A Kiwi couple's cruising adventures on America's Great Loop and around the coast of New Zealand

Monday, 17 June 2013

Power to the people

Or Loopy Kiwi anyway!

If you've been reading earlier postings, you will know that in the pre-Loop days I did a lot of research into the power supply to Loopy Kiwi to make her behave more like a New Zealand based boat as far as travelling and anchoring out were concerned. This resulted in the installation of a 3kW inverter, which was enough to run some of the appliances without having to resort to using the genset - particularly refrigeration - but certainly not the whole shebang. When we made the decision to bring LK home, the biggest issue was always going to the supply of shore power to make things work. Now, for those technophobes reading, forgive me for some of the content of this posting as it can't help but contain stuff that you will find frightfully boring, but it may be useful to those who are contemplating bringing a US boat to New Zealand, or somewhere else that has a similar power system to us - Europe, for example.

In New Zealand, the typical AC (alternating current) shore power supply is 240 V (volts) 50 Hz (hertz)  16A(amps). In the US, there are a variety of differing supplies but the most common these days is 240/115V  60Hz  50A. So....contrary to popular belief in NZ, you will notice that the USA does, in fact, have 240V like we do. However that voltage is where all similarity stops, because their 240V is a strange 240V indeed. Ours is a 3 wire, single phase system and theirs is a 4 wire system comprising 2 "hot" wires (L1 and L2 - sometimes referred to as "two phase") a neutral (L0) and an earth. Here is a drawing of the two differing systems:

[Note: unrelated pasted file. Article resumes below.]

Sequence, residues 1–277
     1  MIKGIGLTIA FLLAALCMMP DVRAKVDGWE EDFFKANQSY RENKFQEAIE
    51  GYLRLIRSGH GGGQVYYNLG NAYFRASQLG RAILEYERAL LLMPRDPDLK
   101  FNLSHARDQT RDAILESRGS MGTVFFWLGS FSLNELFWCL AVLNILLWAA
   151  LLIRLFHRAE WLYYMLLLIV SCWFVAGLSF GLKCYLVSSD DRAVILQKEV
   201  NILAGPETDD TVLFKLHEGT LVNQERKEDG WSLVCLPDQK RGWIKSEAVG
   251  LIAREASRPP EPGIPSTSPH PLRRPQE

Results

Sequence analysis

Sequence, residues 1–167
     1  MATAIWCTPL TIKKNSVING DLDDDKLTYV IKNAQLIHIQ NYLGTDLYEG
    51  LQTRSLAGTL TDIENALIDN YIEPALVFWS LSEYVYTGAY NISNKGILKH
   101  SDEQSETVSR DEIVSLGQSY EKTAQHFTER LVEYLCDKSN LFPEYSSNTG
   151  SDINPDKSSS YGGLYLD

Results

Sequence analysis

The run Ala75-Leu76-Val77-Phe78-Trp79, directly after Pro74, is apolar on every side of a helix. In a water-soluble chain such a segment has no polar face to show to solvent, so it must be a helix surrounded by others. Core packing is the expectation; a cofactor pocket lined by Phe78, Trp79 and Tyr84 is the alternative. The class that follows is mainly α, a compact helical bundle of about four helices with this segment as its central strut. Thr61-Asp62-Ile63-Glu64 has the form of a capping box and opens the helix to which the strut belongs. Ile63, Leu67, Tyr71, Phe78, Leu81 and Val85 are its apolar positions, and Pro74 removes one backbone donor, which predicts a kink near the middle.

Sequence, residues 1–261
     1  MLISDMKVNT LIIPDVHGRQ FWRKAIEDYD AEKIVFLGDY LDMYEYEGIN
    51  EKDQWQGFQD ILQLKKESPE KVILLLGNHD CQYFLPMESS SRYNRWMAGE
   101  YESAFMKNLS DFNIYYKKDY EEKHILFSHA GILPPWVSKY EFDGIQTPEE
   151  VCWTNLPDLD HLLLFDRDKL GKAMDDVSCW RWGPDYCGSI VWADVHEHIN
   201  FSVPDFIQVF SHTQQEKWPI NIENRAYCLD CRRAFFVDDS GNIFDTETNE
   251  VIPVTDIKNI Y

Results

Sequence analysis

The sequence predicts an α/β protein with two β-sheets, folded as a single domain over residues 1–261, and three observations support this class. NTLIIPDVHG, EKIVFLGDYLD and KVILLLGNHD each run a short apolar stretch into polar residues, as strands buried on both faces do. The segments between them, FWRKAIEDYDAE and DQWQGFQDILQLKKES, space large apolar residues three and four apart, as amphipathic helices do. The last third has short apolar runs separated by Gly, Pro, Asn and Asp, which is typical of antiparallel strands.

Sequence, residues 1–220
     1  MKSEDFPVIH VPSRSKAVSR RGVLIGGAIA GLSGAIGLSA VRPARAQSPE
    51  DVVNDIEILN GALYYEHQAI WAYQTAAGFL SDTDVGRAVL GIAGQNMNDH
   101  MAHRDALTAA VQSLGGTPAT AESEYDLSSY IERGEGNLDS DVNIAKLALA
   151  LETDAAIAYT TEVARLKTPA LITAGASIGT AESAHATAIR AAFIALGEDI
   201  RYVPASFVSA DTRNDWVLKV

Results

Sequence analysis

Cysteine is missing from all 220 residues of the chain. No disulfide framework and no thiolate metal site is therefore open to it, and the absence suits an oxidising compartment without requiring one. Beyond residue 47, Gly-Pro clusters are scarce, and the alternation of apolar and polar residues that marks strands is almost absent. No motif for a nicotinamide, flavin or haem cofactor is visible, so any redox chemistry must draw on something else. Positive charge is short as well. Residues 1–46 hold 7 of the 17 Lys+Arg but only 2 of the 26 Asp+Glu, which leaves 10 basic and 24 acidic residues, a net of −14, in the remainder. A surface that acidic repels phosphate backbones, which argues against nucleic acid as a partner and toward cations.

Our system provides 240V between the phase and neutral wires. The US system provides 115V between either "hot" wire and the neutral (L0), and 240V between both "hot wires". This is how you can have a boat with both 240V for the airconditioning and 115V for other appliances - as Loopy Kiwi does. One important point, though, is that the two hot wires must have waveforms that are 180 degrees apart from one another, or it just doesn't work. This is why you have to be careful when connecting a 240V 50A boat to 2 x 115V 30A supplies using a Y adapter as, if they are from the same source, you don't get 240V. You may recall earlier posts where I talked about a "smart Y" adapter that I had purchased (and later sold). They are designed to make sure the hot wires are out of phase to protect the 240V equipment on the boat.

The next problem is just the electrical appetite of US boats. Loopy Kiwi, in common with many American craft, is very hungry electrically as she expects to have 50A of supply in most situations. Even then, if all the appliances were turned on simultaneously, there would be enough load to exceed this limit by some considerable margin (not that anybody ever turns everything on at once!). So here we are now faced with trying to make everything go on a measly 16A supply which, according to the laws of Physics, can't be done. What we end up with, is the ability to have roughly 3.6kW of energy, which is not a lot more than we get from the inverter. We have achieved this by installing 2 x 2kW, 240V to 115V transformers (these were off the shelf items and were cheaper than having 1 x 3.6kW one specially made). They are also wound in such a way that we get the "out of phase" hot wires necessary to give us 240V for LK's aircon - not that we will be using it much as each unit draws around 7A. Ultimately I will change the electric hotplate to gas as it, alone, uses 15A when all 3 are on (and I hate how slow electric cooking is compared with gas!).